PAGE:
Academic journal article Journal of the Medical Library Association

Standards for Hospital Libraries 2007

Academic journal article Journal of the Medical Library Association

Standards for Hospital Libraries 2007

Article excerpt

Hospital Libraries Section Standards Committee

Margaret Bandy, AHIP

bandym@exempla.org

Chair

Jacqueline Donaldson Doyle, AHIP, FMLA

jddoyle@email.arizona.edu

Anne Fladger, AHIP

afladger@partners.org

Katherine Stemmer Frumento, AHIP

katherinef@greenhosp.org

Linné Girouard, AHIP

lgirouard@tmh.tmc.edu

Sheila Hayes, AHIP

sheila.hayes@hcahealthcare.com

Diane Rourke, AHIP

dianer@baptisthealth.net

BACKGROUND

The Medical Library Association's (MLA's) "Standards for Hospital Libraries" were developed in 2002 as a guide for hospital administrators, librarians, and accrediting bodies to ensure that hospitals have the resources and services to effectively meet their needs for knowledge-based information (KBI) [I]. A revised version was published in 2005 [2]. In approving the original and revised versions of the standards, the MLA Board of Directors recommended that the Standards Committee of the Hospital Libraries Section (HLS) continually evaluate the standards and revise them as necessary to reflect changes in the health care environment and MLA priorities.

In March of 2005, the National Network of Libraries of Medicine (NN/LM) Hospital Internet Access Task Force issued a final report and made several recommendations, one of which was to work with the HLS Standards Committee to add a "technology standard" to the "Standards for Hospital Libraries" [3]. This new standard would define the minimum levels of technology needed for hospital libraries to function in their role as providers of KBI resources.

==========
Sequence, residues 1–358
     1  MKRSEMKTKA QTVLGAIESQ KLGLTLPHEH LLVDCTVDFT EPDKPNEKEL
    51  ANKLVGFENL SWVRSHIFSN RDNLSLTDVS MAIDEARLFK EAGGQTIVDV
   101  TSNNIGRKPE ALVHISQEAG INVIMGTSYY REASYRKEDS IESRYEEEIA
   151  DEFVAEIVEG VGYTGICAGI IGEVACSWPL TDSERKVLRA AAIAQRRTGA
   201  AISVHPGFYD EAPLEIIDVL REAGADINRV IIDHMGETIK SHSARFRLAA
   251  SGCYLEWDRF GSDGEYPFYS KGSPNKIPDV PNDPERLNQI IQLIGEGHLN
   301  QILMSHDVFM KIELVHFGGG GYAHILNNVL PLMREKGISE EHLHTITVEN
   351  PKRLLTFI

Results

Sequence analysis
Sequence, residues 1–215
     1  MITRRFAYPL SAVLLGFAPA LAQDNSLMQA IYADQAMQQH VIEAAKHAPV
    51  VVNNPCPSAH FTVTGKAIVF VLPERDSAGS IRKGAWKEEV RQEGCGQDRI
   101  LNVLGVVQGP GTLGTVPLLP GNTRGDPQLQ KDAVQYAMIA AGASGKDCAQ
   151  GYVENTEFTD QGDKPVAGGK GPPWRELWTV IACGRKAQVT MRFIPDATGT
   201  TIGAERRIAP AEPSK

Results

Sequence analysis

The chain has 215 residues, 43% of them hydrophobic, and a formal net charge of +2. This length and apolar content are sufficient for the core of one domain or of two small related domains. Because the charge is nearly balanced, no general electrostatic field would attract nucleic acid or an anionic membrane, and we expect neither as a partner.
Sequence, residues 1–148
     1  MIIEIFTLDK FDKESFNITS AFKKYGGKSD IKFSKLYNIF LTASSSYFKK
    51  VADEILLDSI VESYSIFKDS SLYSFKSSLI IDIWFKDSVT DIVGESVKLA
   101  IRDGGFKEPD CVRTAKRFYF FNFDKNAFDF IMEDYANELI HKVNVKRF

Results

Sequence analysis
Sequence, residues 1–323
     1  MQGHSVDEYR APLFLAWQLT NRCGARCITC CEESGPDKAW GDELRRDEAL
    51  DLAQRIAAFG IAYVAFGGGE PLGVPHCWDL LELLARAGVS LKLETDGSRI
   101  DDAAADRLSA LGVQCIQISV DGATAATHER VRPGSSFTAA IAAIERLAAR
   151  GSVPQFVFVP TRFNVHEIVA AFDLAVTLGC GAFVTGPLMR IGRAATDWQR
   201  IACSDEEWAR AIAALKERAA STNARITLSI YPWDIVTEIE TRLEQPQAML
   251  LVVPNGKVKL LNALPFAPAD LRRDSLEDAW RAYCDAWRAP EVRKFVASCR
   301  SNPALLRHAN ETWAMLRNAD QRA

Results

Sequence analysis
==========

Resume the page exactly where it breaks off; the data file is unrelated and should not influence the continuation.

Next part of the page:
The HLS Information Technology Committee drafted a technology standard and forwarded it to the HLS Standards Committee and the NN/LM Hospital Internet Access Task Force chair for review and comment. In addition to reviewing the draft standard, the HLS Standards Committee wrote a statement of intent to accompany the standard. In May 2007, standard 11: IT resources are available to support the library's mission of providing KBI resources and services was approved by the MLA Board at its annual meeting. Other changes include the following:

* clarified "clinical staff" to include nurses and allied health personnel in standard 7,

* updated the bibliography,

* added references to the new MLA educational policy statement, Competencies for Lifelong Learning and Professional Success, and

* removed references to the Brandon/Hill list and added references to Doody's Core Titles.

The MLA Board also recommended that the revised standards should be called "Standards for Hospital Libraries 2007" and that the publication history be indicated.

The complete "Standards for Hospital Libraries 2007" are also available on the Hospital Libraries section website as well as PubMed Central.

REFERENCES

1. Gluck JC, Hassig RA, Balogh L, Bandy M, Doyle JD, Kronenfeld MR, Lindner KL, Murray K, Petersen JA, Rand DC. Standards for hospital libraries 2002. J Med Libr Assoc 2002Oct;90(4):465-72.

2. Hassig RA, Balogh L, Bandy M, Doyle JD, Gluck JC, Lindner KL, Reich B, Varner D. Standards for hospital libraries 2002 with 2004 revisions. J Med Libr Assoc 2005 Apr;93(2):282-3.

3. Hoist R. Final report. National Network of Libraries of Medicine Hospital Internet Access Task Force [web document]. National Network of Libraries of Medicine, 2005. [cited 1 Dec 2006] .

SYNOPSIS OF STANDARDS

MLA's "Standards for Hospital Libraries 2007" have been developed as a guide for hospital administrators, librarians, and accrediting bodies to ensure that hospitals have the resources and services to effectively meet the hospital's KBI needs.

Specific KBI requirements include that the library be a separate department with its own budget. KBI in the library should be directed by a qualified librarian who functions as a department head and is a member of the Academy of Health Information Professionals. …

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